Should you have the expensive misfortune that would cause you to visit any medical practitioner; you will be asked the one question that has become the mantra of the sons and daughters of Hippocrates.
“Do you smoke?”
Should you give an affirmative answer to the above question, prepare yourself to be demoted from “patient” to a social statues lying somewhere between child molester and used car salesman.
Like everyone else, I have heard all the reasons and been given all the facts that should have caused me to stop using tobacco long ago. But, as you might have guessed, I haven’t stopped. Please allow me to explain why I continue to smoke.
At the time of my heart attack, I smoked because I was still married and cigarettes were a decisive factor in allowing me to avoid hearing words such as “defendant,” “your honor,” “aggravated assault,” or “bail denied.” I don’t care what the politically correct whiners have to say. I am firmly convinced that stopping to have a cigarette while arguing with your future ex-husband, ex-wife, ex-primate or ex-anything else has saved many more lives than cigarettes have taken.
Perhaps the greatest factor that causes me to continue to smoke is that I like it. Not only do I like to smoke I also happen to NOT like withdrawal symptoms. If you want to see an example of what Ivan the Terrible may have been like on a bad hair day, take away my cigarettes. And then run for cover, because after about two hours of nicotine depravation I am not a pleasant person. This in no way implies that I am pleasant to begin with, but without my cigarettes I could easily become a role model for the Charlie Manson Chapter of the Future Mass Murderers of America.
Another of the many reasons I have to continue smoking is that I feel it is my civic responsibility not only to smoke but to smoke as much as possible. Data from the Centers for Disease Control (CDC) and the Social Security Administration will allow me to prove my point.
The CDC has estimated that each year of smoking reduces the smoker’s lifetime by 1 year (on average, of course). Let us assume that there are 30 million current smokers that smoke 1 pack of cigarettes per day, that each smoker has been smoking for an average of 20 years, and that the average tax on a pack of cigarettes over that time span was $1.00. Since the current pay-out to retirees is $8,500 per year, simple math leads us to the following conclusions:
· 30 million smokers ×1 pack per day × $1.00 per pack taxes × 365 days/yr = $ 10,950,000,000/year (10 billion, 950 million dollars!)
· × 20 years = $21,900,000,000 (21.9 billion dollars)
Since the CDC says that the above 30 million smokers will die 5 years sooner than their neurotic non-smoking peers, this leads to:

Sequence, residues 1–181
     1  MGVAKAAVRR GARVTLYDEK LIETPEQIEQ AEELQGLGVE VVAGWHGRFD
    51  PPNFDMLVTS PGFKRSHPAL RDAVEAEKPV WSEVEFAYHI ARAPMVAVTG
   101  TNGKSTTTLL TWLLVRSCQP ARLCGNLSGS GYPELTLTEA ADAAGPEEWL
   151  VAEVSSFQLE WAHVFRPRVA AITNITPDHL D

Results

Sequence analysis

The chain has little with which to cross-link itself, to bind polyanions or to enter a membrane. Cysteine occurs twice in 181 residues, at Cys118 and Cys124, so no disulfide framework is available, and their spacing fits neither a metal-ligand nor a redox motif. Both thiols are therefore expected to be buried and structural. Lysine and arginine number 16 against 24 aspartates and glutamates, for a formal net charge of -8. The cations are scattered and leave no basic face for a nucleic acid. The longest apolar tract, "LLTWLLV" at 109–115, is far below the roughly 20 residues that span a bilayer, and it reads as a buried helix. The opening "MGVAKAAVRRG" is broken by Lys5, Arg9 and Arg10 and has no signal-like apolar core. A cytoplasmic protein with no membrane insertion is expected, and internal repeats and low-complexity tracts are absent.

· 30,000,000 × 5 years × $8,500/year = $12,750,000,000 (12.75 billion dollars) in Social Security benefits that smoker’s won’t receive
· Taxes paid by smokers during their lifetime + money that won’t come out of the Social Security Trust Fund = $34.65 billion dollars
Let the tree-hugging, caribou-kissing, planet-saving Al Goreshevics try to come up with that kind of money.
The previous paragraphs do not mention the fact that tobacco is vital to the economic health of at least two states, Kentucky and North Carolina, and is a significant contributor to the economies of several others. If tobacco consumption falls, the economies of these two states would collapse to a level currently found in places such as Rwanda. If the current incomes of tobacco farmers, their helpers, and their families were to be replaced by public assistance funds there would not be enough money in state tax revenues to keep these formerly productive citizens above the poverty level. There might be an offsetting gain from the income taxes paid by bankruptcy and divorce attorneys, but not enough to justify wrecking an entire industry.
Another benefit of smoking is that I get an almost never ending stream of people, whom I have named the “Healthy Lifestyle Gestapo,” that come up to me on the street or some other public place to point out that I am “polluting the air” or participating in some other non-statutory “crime” against the “environment.”
What really adds a humorous tone to such accusations is that they are usually made while both the accuser and I are being enveloped a cloud of partially-burned hydrocarbons emanating from the exhaust pipes of a city bus. But since a bus won’t sit there and listen to a sermon from one of these tireless guardians of personal liberty, I get the pleasure of laughing hysterically at the vacant expressions on their faces when I point out that the aforementioned bus is a danger to both out well-beings.
If I really want to confuse them I ask when was the last time they read of a smoker that, while driving the wrong way on the Interstate, causing an accident that killed a carload of innocent people.
Many years ago the great American newspaper columnist H. L. Mencken wrote about the activities of a group of citizens which he called the “uplifters.” To Mencken, the “uplifters” were ceaselessly attempting to save mankind from some dangerous substance (such as alcohol in the case of the Prohibitionists) that could easily be controlled if only the substance in question were to be declared illegal. I can’t read his classic column “The Uplifters Try It Again” without pausing to wonder what Mencken would have thought about our latest attempt to legislate morality via the unofficial jihad against the still legal substance known as tobacco.
Prohibition was a dismal failure because its supporters failed to remember one simple fact about “human nature.” You can’t legislate morality.